Loyola achieves 68 percent decrease in central line bloodstream infections
Thanks to the simple use of an alcohol-impregnated cap, Loyola University Medical Center achieved a 68 percent decrease in the overall number of central line-associated bloodstream infections (CLABSI) over a 12-month period. A two-year study compared the use of disinfection caps to an intense scrub-the-hub intervention to standard care. Scrub-the-hub refers to cleaning catheter connector hubs and injection ports with alcohol for the recommended 15 seconds before accessing the central line, a catheter placed in a large vein to deliver medicine and liquids during hospitalization.
"Loyola discovered that 80 percent of infections occurring in the scrub-the-hub arm were related to not scrubbing the hub for the required full 15 seconds," says Marcelina M. Wawrzyniak, MSN, RN, study author and infection preventionist at Loyola University Medical Center. "Substituting the use of alcohol-impregnated caps was very well-received by staff due to the ease of use. Implementation of the caps sustained a reduction in CLABSI over the long term."
Wawrzyniak presented the Loyola study in June at the annual conference of the Association for Professionals in Infection Control and Epidemiology (APIC). Wawrzyniak received the Young Investigator Award as primary author of the Loyola study.
The cost of CLABCI is estimated at $45,814 per infection, according to a recent analysis published in the Journal of American Medical Association Internal Medicine. "Loyola went from 59 to just 23 CLABSIs within a 12-month period after using the alcohol caps, reducing hospital costs by over $1 million," says Jorge Parada, MD, MPH, FACP, FIDSA, professor of medicine at Loyola University Stritch School of Medicine. "Alcohol impregnated caps were an added cost but documentation of the increased patient safety coupled with the reduction in CLABSI costs made it easy to receive administration approval."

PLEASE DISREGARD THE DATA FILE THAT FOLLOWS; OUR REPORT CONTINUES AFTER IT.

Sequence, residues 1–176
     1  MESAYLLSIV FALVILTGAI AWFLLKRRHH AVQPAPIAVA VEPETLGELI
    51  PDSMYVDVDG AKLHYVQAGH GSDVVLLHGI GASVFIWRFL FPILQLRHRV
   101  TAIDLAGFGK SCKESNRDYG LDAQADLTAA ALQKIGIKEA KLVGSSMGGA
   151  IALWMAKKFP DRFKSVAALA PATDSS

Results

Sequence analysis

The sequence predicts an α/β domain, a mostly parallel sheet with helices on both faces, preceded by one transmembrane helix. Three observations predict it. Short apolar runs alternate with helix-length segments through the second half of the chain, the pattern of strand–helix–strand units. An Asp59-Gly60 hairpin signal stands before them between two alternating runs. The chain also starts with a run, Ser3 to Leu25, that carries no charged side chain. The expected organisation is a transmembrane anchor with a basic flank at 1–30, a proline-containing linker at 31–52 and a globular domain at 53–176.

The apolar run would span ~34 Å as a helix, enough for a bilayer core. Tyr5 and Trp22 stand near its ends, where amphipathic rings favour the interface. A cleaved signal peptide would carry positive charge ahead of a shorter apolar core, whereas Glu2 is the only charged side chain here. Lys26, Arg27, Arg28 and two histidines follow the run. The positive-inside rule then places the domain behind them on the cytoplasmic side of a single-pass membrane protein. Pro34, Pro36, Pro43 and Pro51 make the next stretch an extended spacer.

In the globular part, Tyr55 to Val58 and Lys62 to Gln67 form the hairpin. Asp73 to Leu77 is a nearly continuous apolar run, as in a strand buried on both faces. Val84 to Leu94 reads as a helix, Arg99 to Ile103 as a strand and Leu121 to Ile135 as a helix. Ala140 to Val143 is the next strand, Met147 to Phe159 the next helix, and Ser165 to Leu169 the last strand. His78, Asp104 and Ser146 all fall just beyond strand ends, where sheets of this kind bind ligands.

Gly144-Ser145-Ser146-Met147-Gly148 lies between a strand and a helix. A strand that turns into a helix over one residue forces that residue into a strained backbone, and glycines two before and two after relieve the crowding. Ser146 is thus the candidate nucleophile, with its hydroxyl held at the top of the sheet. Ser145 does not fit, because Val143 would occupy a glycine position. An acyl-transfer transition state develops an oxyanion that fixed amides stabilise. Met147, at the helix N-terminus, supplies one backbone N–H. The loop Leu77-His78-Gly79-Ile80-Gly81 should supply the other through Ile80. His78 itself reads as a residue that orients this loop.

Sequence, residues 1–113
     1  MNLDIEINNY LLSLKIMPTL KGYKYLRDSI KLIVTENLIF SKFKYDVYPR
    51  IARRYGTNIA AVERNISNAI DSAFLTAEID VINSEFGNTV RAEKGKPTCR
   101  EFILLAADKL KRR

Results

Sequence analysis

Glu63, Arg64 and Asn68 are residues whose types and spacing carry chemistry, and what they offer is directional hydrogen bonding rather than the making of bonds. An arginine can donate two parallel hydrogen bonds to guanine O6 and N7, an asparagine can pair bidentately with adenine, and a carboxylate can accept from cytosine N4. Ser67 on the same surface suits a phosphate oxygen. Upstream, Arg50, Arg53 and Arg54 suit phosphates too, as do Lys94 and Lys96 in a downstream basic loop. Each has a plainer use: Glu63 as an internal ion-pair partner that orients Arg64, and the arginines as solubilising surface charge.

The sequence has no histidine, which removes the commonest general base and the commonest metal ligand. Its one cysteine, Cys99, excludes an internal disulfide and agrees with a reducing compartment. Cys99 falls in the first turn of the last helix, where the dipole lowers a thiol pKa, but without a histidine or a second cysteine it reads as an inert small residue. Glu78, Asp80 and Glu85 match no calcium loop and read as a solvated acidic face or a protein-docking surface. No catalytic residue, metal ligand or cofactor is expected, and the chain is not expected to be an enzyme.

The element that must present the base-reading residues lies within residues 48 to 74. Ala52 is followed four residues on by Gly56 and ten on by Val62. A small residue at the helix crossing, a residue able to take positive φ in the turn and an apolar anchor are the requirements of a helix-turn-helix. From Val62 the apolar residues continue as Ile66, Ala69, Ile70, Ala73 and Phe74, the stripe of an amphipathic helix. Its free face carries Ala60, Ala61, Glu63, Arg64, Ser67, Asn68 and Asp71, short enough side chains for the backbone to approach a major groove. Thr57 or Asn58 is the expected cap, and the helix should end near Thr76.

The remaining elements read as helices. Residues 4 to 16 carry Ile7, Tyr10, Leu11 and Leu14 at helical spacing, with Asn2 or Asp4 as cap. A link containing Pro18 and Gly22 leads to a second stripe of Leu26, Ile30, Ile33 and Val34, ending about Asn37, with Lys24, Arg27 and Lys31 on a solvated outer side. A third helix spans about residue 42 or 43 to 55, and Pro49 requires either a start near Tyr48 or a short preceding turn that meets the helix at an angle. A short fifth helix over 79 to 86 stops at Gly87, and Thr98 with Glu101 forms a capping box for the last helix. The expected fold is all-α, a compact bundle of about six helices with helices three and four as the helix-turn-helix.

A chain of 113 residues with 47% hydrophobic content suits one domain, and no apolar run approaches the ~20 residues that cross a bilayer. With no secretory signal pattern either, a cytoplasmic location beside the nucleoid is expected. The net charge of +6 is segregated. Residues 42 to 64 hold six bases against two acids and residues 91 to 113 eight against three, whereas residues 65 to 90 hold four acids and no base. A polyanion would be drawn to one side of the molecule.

A poster presentation of Infection Prevention Denominator Data Collection Opportunities in a University Medical Center was also created by Loyola and showcased at the national conference.
Loyola has 140 intensive care unit (ICU) beds in its 569-bed medical center located outside Chicago. Loyola University Health System is recognized internationally as a leader in infection control and prevention. Loyola is one of a few select hospitals who invest in universal screening of all inpatients for MRSA. Loyola was one of the first institutions to require all staff to have mandatory flu shots as a condition of employment. Loyola also actively screens emergency department patients for HIV/AIDS as part of an ongoing research study.
Stasia Thompson | Eurek Alert!
Understanding the Body’s Response to Worms and Allergies
24.04.2015 | University of Manchester
Caring for blindness: A new protein in sight?
22.04.2015 | NSERM (Institut national de la santé et de la recherche médicale)
KAIST researchers published an article on the development of a novel technique to precisely track the 3-D positions of optically-trapped particles having complicated geometry in high speed in the April 2015 issue of Optica.
Daejeon, Republic of Korea, April 23, 2015--Optical tweezers have been used as an invaluable tool for exerting micro-scale force on microscopic particles and...
A very small and rare species of shark is swimming its way through scientific literature. But don't worry, the chances of this inches-long vertebrate biting...
Ever since computers have been small enough to be fixtures on desks and laps, their central processing has functioned something like an atomic Etch A Sketch, with electromagnetic fields pushing data bits into place to encode data.
Unfortunately, the same drawbacks and perils of the mechanical sketch board have been just as pervasive in computing: making a change often requires starting...
How is lightning initiated in thunderclouds? This is difficult to answer - how do you measure electric fields inside large, dangerously charged clouds? It was discovered, more or less by coincidence, that cosmic rays provide suitable probes to measure electric fields within thunderclouds. This surprising finding is published in Physical Review Letters on April 24th. The measurements were performed with the LOFAR radio telescope located in the Netherlands.
How is lightning initiated in thunderclouds? This is difficult to answer - how do you measure electric fields inside large, dangerously charged clouds? It was...
Max Planck researcher Buhalqem Mamtimin determines how much nitrogen oxide is released into the atmosphere from agriculturally used oases.
In order to make statements about current and future air pollution, scientists use models which simulate the Earth’s atmosphere. A lot of information such as...
23.04.2015 | Event News
23.04.2015 | Event News
13.04.2015 | Event News
27.04.2015 | Life Sciences
27.04.2015 | Power and Electrical Engineering
27.04.2015 | Life Sciences